Planning Ahead

There’s a lot of snow outside, and even more filling up the driveway of the Apple House. Mark and I drove past it while on Christmas vacation, and the city snow plows had given us a seasonal gift of a 4 foot high wall of compacted snow and ice. No one is clearing off the path to the front door either, although some hard core postal worker is still trudging up to the front door to leave fliers. Poor bastard… also, poor us, because we are in for a nightmare of a workout. Thank the LORD I go to the gym.
 
Despite the fact that it’s the season for hot drinks, mountains of blankets, roaring fireplaces and movie marathons, I think both Mark and I are a bit obsessed with thoughts of spring and the exterior of the house. We were at the house because it had warmed up unexpectedly and snow was melting, and we wanted to know if the snow on the very very messed up roof of the Apple House was melting. We were in for such a great surprise! Despite all the snow we’ve had this winter, the prevailing winds in our new ‘hood picked up the snow from the East roof faces and dumped it all on the West roof faces. The weak spot in the roof, the big crisis spot that we wanted patched so urgently, is on the East side of the house and miracle of miracles, there was only about an inch of snow over that spot. The West side of the house had about a foot of snow, and it was forming an incredibly impressive drift over the front of the house! The Apple House looks like an emo kid with a heavy sweep of bangs hanging in his/her eyes.
 
I fell in a snowbank. I am a graceful Canadian swan. 
I pulled myself out by holding onto our Subaru Forester. 
When I ran out of station wagon to hold onto, I almost fell back into the snowbank.
Mark couldn’t even look at me, it was so embarrassing to watch.
 
That’s not the only creeping I’ve been doing, though. I’ve been working on figuring out what to do to improve the exterior of the house. Right now, the house is the worst of the 1980s in Canada. Any Canadian (who would notice these kinds of things) will tell you that in the late ’70s and in the ’80s, there was this insane Canadian civic love affair with dark chocolate brown: libraries were painted chocolate brown, park signs were chocolate brown with yellow letters, trim on houses were glossy chocolate brown OH GOD THE MEMORIES. Everything that was provided to the public by the provincial or municipal governments (it seemed) got painted chocolate brown! Our house kind of falls into that category: cream vinyl siding, red brick, and dark chocolate brown trim (and shutters).
 
This colour combination has always strongly reminded me of a nanaimo bar, which isn’t BAD because yum? But it’s dated to be sure. Since we have to put a new roof and new windows on the house, we’re in a position to make significant changes to the appearance of the house. This is brilliant! However, if you’re gonna be choosing a new roof and new windows, it’s a good idea to have a vision for the whole exterior. The roof will come from one supplier, the windows from another, so it really falls to the homeowner to have a master plan.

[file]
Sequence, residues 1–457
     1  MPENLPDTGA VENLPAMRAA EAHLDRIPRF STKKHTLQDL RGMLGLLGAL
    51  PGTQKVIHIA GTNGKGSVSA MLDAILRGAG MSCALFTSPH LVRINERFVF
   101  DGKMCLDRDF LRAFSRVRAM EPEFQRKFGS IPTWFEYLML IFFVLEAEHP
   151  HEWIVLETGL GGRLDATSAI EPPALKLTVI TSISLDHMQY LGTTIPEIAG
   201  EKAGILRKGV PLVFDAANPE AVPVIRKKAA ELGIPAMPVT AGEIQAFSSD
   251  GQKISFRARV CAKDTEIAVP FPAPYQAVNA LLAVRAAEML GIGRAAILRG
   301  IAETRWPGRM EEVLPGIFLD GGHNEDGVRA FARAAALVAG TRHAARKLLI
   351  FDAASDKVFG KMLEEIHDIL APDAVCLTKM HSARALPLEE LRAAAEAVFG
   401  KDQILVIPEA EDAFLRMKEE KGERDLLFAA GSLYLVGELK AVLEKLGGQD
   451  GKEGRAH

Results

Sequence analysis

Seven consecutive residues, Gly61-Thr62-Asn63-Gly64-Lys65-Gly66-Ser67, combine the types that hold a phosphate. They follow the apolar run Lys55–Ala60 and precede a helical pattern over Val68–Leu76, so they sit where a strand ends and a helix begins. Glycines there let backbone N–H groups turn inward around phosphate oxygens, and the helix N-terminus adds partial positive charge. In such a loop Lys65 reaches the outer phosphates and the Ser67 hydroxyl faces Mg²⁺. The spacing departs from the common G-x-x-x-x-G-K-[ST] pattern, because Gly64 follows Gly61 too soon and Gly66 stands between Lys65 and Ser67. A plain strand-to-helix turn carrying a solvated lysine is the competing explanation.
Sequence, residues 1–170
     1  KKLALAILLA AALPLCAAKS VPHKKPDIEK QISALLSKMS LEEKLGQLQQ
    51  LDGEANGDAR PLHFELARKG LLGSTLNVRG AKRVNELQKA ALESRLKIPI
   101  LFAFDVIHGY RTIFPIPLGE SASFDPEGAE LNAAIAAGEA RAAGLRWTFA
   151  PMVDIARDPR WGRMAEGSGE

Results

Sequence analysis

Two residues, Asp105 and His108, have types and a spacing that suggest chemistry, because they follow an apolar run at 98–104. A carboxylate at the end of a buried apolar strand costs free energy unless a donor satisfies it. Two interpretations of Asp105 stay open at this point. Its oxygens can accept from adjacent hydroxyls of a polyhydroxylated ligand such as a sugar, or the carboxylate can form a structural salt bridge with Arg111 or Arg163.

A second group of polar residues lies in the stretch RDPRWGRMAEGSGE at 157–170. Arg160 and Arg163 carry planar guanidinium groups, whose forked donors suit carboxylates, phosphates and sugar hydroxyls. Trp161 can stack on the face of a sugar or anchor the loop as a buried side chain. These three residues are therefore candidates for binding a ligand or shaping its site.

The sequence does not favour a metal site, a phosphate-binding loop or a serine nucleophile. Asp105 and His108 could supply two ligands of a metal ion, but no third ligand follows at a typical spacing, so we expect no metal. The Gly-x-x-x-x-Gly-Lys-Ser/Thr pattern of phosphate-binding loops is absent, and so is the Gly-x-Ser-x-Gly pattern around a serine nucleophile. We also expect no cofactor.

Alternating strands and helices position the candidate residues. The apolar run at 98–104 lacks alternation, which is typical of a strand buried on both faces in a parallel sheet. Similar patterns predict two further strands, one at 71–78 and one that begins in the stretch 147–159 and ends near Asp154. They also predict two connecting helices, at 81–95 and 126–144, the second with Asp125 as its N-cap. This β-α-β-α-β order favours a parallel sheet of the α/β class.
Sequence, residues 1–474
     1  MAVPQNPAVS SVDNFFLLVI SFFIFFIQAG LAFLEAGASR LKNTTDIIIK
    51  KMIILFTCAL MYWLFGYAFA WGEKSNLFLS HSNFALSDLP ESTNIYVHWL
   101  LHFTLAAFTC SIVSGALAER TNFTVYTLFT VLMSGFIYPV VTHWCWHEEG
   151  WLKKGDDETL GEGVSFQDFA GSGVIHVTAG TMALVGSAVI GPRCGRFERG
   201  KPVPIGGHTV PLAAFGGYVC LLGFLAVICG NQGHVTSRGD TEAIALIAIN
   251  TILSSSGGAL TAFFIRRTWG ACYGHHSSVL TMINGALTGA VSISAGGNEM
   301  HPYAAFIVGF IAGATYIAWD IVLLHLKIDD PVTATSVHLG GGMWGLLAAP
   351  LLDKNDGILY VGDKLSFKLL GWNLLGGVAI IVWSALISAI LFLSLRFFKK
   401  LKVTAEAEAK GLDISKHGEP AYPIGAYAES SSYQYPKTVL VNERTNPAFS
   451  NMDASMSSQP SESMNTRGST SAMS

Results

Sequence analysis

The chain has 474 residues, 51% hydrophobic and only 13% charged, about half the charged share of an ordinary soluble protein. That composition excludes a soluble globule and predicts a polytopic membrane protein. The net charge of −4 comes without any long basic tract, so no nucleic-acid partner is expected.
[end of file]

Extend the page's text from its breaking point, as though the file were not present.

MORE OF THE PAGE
So what do you do with a red brick and cream vinyl siding house? (Answer: google image search the crap out of red brick houses!)
 
The internet seems to say that your only options for a red brick house  are black shutters with white trim and windows, but that’s pretty much what we have now and it doesn’t look good at all. It really, really looks… dark? Dirty? Boring?
 
I decided to assume that the windows would have charcoal grey trim (more on that later), and that the roof would be a medium grey. The choice of roof colour is a big deal: the darker your roof, the more heat it’ll create and the more your insulation will have to work at keeping your house cool. Since that’s the case, I think a medium grey will be both dark enough to have class, and will be light enough to not create too much heat.
 
After futzing around with Microsoft paint and trying out a wide variety of colours, I created a milky oxblood red (applied to the shutters, front door and garage door) that just happens to look absolutely incredible with a charcoal windows and cream vinyl siding. The look is very “modern farmhouse”.
 
I’m hoping that in real life we’ll find a garnet/oxblood house paint that looks absolutely incredible with the existing brick. The colour I created on my computer is darker, browner and somehow has a smooth milky-ness that sets off the brick instead of creating a sense that the whole damn house is an OXO cube. Win!
 
But the tricky part becomes this: in my successful mock up with the imaginary oxblood house paint, my starting point was those grey frame windows. The mock ups with pure white window frames clashed with the cream coloured siding.
 
Well, we have a quote for getting grey frame windows, but they’re more expensive than white windows. So now my question is…
 
…if I wanted to put grey framed windows on the parts of the house that face the street, and white frame windows everywhere else, would that be such a crime?
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About thirtyyearhouse

A lovely couple who lived in sin just for fun, but decided that fun is overrated and moved on to being married. Sold the starter home, bought the family home, currently about to die of excessive exposure to cardboard, ready to take on the world. There's also a dog called Zaphod. He's cuter than us by far.

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